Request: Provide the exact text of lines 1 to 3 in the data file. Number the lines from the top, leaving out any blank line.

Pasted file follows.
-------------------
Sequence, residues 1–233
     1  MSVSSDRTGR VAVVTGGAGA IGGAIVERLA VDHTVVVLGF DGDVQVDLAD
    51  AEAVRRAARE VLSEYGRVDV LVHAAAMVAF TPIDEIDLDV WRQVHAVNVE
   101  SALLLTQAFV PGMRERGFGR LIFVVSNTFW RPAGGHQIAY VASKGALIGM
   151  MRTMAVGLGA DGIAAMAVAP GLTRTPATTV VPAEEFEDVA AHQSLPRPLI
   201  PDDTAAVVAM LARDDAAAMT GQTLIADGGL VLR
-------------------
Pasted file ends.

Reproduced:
Sequence, residues 1–233
     1  MSVSSDRTGR VAVVTGGAGA IGGAIVERLA VDHTVVVLGF DGDVQVDLAD
    51  AEAVRRAARE VLSEYGRVDV LVHAAAMVAF TPIDEIDLDV WRQVHAVNVE